On the package of organic milk from Coop (Sweden) I can read the plastic cap is made out of oil. For some reason they can’t use biodegradeable plastic made from renewable sources. Instead they “support the production of the same quantity of renewable plastic somewhere else”. In addition they claim that they through this can reduce the use of fossil raw materials. This is supposed to make me feel good.
In this way, the package of milk illuminates two common phenomena in how modern businesses handle, or not, environmental challenges. The first is the notion of “compensation”, i.e. that we can compensate an ill by doing something good somewhere else. The prime example is of course climate compensation or carbon offset, which it often is called. But there are other examples such as habitat banking whereby you pay someone to provide ecosystems or species which you have destroyed. And now plastic compensation. There are many things to say about the notion that you can compensate for destruction. It leads to financialization and privatization of nature (read this excellent article by Sian Sullivan) and it often means that poor peoples’ environment will be used to compensate rich peoples lifestyle (e.g.. when you compensate your flight with tree planting in developing countries).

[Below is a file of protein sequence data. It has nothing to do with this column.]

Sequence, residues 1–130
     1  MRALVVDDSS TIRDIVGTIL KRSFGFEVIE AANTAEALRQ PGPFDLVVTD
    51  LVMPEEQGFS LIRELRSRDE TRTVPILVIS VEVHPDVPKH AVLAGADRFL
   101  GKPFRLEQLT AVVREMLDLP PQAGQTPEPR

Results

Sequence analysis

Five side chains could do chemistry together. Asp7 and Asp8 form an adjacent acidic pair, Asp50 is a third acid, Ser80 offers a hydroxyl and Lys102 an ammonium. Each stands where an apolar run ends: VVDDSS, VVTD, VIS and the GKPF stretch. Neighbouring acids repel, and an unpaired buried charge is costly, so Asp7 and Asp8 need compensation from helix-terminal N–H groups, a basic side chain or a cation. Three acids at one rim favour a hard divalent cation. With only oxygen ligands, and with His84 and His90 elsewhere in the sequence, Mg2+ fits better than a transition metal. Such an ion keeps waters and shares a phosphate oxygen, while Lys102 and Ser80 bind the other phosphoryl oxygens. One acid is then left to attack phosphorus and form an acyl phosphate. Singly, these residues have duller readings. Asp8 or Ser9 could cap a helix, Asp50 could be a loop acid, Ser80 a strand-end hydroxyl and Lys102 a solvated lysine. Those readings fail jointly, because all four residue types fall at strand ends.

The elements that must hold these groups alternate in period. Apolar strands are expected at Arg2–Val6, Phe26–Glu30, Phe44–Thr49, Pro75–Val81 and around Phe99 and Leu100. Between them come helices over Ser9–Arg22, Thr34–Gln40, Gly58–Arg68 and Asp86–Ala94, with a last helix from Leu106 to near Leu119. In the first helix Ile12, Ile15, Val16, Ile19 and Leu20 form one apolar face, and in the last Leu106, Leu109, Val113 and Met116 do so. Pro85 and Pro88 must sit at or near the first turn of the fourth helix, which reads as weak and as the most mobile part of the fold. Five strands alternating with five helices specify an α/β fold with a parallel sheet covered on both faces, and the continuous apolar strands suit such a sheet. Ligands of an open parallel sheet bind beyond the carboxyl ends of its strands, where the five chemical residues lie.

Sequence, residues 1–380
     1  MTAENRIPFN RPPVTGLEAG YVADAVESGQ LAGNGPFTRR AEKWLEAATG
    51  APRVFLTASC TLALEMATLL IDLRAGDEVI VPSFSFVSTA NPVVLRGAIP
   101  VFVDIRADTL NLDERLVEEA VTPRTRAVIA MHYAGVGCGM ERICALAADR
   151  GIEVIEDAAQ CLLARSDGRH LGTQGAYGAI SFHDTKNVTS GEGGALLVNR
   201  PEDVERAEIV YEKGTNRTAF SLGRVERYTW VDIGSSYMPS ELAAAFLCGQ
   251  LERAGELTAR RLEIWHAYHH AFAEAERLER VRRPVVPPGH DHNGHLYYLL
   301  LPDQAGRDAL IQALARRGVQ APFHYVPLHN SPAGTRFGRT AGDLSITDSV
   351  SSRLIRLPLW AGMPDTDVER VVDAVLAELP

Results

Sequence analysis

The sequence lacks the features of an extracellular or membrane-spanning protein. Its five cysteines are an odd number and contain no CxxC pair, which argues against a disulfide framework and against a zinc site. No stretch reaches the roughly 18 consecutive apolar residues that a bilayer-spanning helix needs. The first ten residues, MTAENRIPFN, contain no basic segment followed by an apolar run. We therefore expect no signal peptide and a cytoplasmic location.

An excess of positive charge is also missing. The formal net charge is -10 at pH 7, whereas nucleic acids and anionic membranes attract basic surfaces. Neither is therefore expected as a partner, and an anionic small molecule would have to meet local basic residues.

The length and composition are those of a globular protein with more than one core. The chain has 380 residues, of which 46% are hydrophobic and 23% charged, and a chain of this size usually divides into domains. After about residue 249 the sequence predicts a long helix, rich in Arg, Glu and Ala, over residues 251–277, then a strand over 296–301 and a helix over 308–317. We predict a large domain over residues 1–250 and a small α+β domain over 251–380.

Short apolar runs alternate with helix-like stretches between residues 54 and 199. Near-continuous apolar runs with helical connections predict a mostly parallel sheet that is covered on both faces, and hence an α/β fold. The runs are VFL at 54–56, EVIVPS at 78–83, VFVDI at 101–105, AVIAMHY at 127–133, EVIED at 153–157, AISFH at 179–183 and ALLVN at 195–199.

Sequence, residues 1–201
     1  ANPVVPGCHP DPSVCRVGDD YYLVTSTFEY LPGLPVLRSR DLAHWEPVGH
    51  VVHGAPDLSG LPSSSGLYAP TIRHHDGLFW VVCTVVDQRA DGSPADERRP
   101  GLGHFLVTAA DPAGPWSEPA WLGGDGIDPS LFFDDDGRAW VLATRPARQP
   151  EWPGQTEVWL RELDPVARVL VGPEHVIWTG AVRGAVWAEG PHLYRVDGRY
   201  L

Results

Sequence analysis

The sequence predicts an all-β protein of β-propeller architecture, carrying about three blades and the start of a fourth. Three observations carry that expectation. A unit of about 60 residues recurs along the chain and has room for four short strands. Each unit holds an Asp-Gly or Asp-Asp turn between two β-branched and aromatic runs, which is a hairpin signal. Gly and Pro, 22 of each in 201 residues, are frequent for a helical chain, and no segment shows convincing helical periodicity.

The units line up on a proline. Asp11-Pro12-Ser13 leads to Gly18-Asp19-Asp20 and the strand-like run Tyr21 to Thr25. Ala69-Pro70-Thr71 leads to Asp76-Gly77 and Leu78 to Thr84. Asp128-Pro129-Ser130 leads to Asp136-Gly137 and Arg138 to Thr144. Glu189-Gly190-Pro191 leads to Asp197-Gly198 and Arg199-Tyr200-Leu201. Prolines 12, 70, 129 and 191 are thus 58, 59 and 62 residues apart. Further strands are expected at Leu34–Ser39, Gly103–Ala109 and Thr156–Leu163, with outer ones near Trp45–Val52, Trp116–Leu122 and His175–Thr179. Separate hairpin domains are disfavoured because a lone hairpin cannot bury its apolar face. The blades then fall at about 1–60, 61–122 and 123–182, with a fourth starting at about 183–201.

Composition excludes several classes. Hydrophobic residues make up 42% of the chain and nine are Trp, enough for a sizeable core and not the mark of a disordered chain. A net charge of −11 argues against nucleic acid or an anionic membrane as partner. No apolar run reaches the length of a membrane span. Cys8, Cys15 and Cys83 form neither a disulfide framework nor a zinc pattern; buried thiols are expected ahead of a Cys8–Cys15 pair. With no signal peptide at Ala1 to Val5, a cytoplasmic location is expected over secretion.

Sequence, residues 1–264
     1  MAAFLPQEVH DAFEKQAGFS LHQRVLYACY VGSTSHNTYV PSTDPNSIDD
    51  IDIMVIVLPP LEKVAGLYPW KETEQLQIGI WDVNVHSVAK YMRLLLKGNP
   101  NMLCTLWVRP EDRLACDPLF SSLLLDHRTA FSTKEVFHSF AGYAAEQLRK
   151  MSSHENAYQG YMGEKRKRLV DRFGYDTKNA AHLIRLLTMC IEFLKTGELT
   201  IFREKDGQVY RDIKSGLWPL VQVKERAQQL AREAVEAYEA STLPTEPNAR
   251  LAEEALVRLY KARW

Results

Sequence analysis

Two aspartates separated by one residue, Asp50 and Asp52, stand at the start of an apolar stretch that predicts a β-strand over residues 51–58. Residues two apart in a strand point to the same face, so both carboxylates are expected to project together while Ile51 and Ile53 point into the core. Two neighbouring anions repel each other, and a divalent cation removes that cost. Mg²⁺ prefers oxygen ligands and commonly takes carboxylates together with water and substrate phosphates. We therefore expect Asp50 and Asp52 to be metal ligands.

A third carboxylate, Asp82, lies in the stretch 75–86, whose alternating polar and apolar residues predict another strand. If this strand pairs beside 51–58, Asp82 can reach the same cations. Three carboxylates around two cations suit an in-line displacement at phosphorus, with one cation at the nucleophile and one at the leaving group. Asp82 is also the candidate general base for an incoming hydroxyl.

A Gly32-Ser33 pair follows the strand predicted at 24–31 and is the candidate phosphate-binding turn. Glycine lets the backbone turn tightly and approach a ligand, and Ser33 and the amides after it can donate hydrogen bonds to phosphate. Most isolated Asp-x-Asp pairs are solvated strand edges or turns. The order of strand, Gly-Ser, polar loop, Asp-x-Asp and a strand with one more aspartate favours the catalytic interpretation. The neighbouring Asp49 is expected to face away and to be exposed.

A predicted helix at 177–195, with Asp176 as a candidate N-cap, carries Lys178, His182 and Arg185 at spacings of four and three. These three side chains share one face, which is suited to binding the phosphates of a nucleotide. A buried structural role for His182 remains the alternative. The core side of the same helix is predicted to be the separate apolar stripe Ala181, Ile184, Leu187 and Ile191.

Instead, let me instead probe the other message of the milk package: That you can “save” or “reduce use” of fossil fuels using renewable plastics. In the case of my organic milk this is greenwashing in its purest shape. Before Coop introduced the plastic cap, the package had no cap, but the carton could easily be opened and closed. By introducing a cap of made out of oil Coop clearly increases the use of fossil fuels. But they look at the situation differently.
…click on the above link to read the rest of the article…